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Published December 1, 1981 | public
Journal Article Open

Rat liver gap junction protein: Properties and partial sequence


Gap junctions, strongly implicated as channels for direct cell-to-cell communication, have been isolated from rat liver in high yield and purity. These gap junction fractions contain few morphologically recognizable contaminants, but NaDodSO4/polyacrylamide gel electrophoresis reveals a number of polypeptides. With the exception of a nonjunctional component of Mr 38,000 and some poorly soluble material, including collagen, all the polypeptides have very similar or identical two-dimensional peptide maps and arise from proteolytic cleavage of the COOH-terminus or aggregation of a Mr 28,000 protein. We report the sequence of the NH2-terminal 52 amino acids of this protein. The polypeptide (Mr approximate to 10,000) characteristic of trypsin-treated gap junction preparations is shown to be two distinct polypeptides, both derived from the Mr 28,000 protein.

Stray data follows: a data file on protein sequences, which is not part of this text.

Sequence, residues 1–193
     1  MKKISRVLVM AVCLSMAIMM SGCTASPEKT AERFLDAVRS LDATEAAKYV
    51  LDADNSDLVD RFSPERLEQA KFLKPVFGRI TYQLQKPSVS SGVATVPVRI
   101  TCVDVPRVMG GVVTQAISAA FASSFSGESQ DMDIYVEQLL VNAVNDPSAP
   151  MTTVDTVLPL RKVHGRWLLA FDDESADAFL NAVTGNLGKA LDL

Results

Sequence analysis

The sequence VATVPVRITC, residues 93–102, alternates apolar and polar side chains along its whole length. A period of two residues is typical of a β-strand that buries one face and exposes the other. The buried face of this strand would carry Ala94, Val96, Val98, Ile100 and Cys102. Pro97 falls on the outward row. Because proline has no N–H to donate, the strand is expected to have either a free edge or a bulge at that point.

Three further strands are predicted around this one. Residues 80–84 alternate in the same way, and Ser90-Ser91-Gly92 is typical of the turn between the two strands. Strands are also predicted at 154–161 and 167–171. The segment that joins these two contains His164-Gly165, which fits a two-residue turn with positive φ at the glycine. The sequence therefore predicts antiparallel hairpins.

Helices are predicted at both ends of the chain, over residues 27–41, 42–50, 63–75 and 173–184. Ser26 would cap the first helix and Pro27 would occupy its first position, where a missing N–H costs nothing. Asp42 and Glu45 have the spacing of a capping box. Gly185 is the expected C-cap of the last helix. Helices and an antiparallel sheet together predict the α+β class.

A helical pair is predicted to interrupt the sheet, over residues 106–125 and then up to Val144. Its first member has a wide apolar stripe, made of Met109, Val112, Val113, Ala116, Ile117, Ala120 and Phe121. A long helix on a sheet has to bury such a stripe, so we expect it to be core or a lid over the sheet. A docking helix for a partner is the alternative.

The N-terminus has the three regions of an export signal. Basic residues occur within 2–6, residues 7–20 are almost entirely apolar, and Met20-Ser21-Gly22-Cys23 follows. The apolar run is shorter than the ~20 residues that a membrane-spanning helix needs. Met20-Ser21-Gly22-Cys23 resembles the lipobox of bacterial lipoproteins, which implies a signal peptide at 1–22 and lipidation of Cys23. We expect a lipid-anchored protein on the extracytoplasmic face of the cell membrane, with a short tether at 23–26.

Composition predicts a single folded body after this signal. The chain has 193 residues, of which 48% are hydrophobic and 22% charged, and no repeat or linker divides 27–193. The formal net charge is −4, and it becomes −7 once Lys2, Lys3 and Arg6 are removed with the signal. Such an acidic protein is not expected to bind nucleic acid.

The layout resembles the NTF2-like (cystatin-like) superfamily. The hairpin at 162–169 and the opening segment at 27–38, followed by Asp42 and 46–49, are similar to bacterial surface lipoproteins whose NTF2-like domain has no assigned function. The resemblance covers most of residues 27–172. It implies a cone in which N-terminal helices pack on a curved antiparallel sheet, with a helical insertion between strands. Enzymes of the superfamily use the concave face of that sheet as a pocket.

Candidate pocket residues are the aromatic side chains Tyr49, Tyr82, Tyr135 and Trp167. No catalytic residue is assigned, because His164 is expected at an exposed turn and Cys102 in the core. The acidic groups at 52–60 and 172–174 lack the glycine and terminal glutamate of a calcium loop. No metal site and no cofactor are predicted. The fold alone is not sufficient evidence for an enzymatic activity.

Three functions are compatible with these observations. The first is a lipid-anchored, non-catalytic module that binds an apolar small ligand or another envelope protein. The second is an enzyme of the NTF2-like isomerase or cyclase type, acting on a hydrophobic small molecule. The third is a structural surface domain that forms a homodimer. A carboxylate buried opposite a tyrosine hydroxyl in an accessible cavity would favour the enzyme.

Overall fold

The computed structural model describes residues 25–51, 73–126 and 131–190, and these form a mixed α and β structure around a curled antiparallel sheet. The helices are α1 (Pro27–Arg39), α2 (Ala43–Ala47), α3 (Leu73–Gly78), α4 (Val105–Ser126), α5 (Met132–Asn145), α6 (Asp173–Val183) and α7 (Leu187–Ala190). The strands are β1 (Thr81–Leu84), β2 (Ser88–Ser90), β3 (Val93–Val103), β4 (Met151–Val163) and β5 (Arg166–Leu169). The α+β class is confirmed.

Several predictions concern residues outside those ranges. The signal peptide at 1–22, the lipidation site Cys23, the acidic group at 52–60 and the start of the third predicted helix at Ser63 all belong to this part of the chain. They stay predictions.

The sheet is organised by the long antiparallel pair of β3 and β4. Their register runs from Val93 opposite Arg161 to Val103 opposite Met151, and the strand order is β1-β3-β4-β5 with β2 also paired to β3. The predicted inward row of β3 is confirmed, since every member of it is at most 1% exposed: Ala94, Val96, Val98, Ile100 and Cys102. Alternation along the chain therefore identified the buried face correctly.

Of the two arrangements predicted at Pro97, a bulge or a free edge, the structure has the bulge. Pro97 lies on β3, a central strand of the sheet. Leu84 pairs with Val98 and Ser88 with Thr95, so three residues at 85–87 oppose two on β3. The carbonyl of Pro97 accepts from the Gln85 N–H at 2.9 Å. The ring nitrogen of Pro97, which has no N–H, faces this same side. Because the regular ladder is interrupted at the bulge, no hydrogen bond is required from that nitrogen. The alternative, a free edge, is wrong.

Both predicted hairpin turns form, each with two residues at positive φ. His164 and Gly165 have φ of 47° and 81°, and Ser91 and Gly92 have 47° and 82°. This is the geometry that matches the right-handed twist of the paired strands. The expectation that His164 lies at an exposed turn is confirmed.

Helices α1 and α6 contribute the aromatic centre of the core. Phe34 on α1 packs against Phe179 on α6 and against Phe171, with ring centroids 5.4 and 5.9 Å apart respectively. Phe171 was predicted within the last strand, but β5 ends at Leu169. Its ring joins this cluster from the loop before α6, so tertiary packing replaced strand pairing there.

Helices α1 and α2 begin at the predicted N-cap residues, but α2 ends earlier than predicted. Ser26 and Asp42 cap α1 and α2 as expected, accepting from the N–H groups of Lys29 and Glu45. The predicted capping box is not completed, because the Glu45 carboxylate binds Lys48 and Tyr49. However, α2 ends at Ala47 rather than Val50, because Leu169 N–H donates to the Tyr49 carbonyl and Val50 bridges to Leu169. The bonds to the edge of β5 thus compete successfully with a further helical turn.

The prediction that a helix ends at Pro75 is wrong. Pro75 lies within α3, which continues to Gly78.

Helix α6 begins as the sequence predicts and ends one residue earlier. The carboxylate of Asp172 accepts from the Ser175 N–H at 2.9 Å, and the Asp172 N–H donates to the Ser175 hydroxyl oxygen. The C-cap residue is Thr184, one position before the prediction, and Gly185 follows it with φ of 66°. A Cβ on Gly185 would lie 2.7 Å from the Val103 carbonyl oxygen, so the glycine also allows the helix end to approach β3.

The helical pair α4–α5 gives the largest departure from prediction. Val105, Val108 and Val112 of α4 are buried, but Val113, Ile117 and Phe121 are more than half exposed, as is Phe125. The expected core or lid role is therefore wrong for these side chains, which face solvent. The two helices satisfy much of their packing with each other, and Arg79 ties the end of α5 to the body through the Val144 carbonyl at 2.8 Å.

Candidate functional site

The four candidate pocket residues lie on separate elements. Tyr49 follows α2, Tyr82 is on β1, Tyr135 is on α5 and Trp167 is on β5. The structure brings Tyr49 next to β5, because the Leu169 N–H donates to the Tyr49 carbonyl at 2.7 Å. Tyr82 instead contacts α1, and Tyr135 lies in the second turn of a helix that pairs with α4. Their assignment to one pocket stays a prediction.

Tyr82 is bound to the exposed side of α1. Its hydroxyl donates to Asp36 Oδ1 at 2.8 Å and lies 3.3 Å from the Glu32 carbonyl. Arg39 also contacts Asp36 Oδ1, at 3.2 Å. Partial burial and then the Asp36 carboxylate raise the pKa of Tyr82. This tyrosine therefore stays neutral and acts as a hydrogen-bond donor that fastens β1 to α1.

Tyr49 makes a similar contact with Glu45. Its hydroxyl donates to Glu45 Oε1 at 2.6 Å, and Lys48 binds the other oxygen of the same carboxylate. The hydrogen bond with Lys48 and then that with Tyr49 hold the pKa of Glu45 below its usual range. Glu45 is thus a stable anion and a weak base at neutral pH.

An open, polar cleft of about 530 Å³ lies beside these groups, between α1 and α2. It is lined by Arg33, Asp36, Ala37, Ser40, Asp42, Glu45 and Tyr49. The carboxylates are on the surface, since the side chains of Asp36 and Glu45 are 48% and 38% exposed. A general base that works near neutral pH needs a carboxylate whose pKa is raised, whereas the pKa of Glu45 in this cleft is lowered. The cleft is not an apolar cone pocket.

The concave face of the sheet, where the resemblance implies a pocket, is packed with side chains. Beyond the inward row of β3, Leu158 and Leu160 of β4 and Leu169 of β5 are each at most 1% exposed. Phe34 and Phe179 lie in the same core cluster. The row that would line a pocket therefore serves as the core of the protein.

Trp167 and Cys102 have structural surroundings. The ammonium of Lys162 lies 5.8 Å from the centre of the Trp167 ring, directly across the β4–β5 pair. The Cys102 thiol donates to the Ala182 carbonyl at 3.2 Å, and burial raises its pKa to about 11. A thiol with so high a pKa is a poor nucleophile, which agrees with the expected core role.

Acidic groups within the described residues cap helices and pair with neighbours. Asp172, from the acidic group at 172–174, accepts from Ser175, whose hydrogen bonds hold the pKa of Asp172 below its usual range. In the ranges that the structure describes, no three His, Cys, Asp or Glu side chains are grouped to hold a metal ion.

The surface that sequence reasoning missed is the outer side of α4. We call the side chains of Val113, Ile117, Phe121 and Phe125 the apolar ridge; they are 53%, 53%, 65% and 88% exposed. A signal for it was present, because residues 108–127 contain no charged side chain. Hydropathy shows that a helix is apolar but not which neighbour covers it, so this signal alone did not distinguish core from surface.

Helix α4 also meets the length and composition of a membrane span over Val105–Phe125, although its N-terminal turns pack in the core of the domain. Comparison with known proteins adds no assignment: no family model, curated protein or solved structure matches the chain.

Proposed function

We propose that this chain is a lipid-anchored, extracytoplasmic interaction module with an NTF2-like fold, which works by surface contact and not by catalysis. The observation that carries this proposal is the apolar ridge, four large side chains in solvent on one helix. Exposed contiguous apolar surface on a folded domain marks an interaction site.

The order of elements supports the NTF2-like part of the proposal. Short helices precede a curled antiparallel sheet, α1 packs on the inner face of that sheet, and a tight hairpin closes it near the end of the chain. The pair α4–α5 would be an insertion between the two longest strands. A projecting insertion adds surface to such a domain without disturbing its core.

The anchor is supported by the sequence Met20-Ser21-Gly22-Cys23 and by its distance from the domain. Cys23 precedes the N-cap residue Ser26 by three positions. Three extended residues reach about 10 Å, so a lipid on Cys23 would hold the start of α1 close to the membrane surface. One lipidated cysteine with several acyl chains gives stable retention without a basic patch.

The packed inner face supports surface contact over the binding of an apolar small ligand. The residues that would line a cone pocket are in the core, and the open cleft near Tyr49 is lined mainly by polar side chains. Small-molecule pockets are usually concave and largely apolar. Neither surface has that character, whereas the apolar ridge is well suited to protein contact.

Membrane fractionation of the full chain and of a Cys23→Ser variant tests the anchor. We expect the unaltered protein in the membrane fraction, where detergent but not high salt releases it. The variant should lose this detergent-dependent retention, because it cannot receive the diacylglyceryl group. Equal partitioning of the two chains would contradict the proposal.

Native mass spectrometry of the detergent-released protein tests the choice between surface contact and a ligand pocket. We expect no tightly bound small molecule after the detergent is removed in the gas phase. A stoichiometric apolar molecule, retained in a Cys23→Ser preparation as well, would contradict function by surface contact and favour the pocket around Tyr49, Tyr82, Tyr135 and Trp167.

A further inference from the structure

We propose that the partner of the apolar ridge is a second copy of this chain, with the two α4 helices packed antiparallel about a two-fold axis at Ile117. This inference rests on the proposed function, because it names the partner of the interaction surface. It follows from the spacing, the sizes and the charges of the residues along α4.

Additional Information

Copyright © 1981 by the National Academy of Sciences. Communicated by Norman Davidson, August 27, 1981. We thank Dr. Larry Takemoto for his guidance in the use of peptide mapping and Drs. David Meyer and Barbara Yancey for many fruitful discussions. The research was supported by Research Grant GM 06965 and Biomedical Research Support Program RR 07003 from the National Institutes of Health as well as a Ross Foundation Fellowship awarded to B.J.N. The publication costs ofthis article were defrayed in part by page charge payment. This article must therefore be hereby marked "advertisement" in accordance with 18 U. S. C. §1734 solely to indicate this fact.


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